And then, quiet. A quick quiet transforms the landscape. I look back to the winter sky and an event rarely seen this far south fills the dark horizon; the northern lights, aurora borealis, a miraculous sight at any time, but truly awe inspiring at this moment. With the coming of the lights, the moans and screams have disappeared. At first, I think perhaps the roar of Pelham’s cannon has deafened me permanently, but this is different. I hold my pocket watch to my ear; I can hear it ticking; seven o’clock. Something celestial has indeed descended and all seems at peace, as though the vast vault of heaven was pleading for no more murder, no more mayhem; perhaps a final sign to those mortally wounded and still on the field, seeing with dying eyes, faintly hearing the ethereal angels’ calming call within those lights, “This too shall pass. Be still; be at peace; dissolve back into union with your ancient mother.”
The complete quiet is replaced by the softest whir of wind, or is it a whisper; no, not one whisper, a dozen whispers, then a thousand. It must be in my head; there is no one within a hundred yards. I continue to write, soothed by the scratching of pencil on paper, but the whispers remain, as though I could hear everyone upon the earth and beyond it as well; the whispering angels, the mothers, the children, the dead, and the nearly dead; they speak as one, yet I cannot understand their words. I look back to the sky; the northern lights still a shimmering green glow; not a mirage; I see many men below the hill pointing to the sky; do they hear the whir of whispers. I recheck my watch; still ticking; still seven o’clock, still this moment, though I was sure many minutes had moved past me. I have been stilled by this distant flame; touched by this light; we have all been touched this night.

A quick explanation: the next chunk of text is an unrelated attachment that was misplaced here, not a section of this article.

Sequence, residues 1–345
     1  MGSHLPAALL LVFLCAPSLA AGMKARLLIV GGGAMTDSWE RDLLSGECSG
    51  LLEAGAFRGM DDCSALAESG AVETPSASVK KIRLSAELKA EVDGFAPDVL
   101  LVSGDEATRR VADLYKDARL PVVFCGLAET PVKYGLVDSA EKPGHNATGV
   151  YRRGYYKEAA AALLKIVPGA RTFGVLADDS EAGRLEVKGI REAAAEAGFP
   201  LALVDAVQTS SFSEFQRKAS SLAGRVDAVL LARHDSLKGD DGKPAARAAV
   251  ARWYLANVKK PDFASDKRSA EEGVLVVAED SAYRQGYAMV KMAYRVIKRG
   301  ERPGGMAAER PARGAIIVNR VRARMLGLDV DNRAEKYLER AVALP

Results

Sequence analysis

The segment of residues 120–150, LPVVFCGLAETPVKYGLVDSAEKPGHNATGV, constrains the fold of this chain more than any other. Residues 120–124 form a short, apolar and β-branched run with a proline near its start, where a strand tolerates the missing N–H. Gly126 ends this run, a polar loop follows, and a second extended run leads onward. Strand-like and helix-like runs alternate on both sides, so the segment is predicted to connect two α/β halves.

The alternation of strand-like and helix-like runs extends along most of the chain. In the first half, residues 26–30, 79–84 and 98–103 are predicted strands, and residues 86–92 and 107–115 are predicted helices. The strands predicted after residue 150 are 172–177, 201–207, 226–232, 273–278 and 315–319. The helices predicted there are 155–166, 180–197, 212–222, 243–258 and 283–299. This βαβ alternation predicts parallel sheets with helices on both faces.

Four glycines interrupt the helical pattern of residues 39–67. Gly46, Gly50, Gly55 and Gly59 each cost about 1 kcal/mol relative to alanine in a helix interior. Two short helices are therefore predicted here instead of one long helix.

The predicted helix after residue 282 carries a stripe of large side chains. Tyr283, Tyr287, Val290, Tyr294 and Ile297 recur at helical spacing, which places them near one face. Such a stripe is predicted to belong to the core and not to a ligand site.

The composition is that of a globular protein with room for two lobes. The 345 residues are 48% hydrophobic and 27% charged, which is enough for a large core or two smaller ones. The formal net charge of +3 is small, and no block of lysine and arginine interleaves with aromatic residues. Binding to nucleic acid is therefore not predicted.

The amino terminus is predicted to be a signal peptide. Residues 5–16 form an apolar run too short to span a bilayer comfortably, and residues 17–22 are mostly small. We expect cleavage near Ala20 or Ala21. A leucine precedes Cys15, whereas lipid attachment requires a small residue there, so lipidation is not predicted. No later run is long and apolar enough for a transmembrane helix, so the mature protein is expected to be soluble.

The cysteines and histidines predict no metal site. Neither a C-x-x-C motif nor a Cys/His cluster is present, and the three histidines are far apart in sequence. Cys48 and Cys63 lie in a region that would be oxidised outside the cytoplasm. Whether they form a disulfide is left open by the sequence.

What am I to make of these whispers? They could be calling all, or me alone. Am I to join them; am I already dead and do not know? Slowly, the lights soften to black, the whisper blends with the winter wind; I wrap my wool around and wait to wake tomorrow. Or not.
Journal Entry: Fredericksburg, Virginia; December 14, 1862
I am awake; awake, yes, I am sure of it; I feel the cold air as I breathe in. I breathe out; yes, awake and alive; I breathe in the smell of morning campfires from below the heights.
Those whispers are no longer constant in my ears, yet they will be constantly in my heart and part of my voice. The whispers are softer now, coming when I listen, between breaths, in the purl and trickle of the creek, in the trill of the unseen junco, even in the slightest zephyr moving through the white pine. I will live for those whispering, live for them, as they have died for me.
Today there will be much moving about, removing the dead from the fields, removing the armies to regroup. I will lose myself in the commotion and try, once again, to find Marianna. My wish is that I could be like the Dickens’ ghost of Christmas future and take Marianna forward in time where surely there will be no more wars.
A Christmas Carol, a novella by English author Charles Dickens first published by Chapman and Hall and first released on 19 December 1843.
My thanks to Kelly Letky for her inspirational comment that led me to add this next morning entry.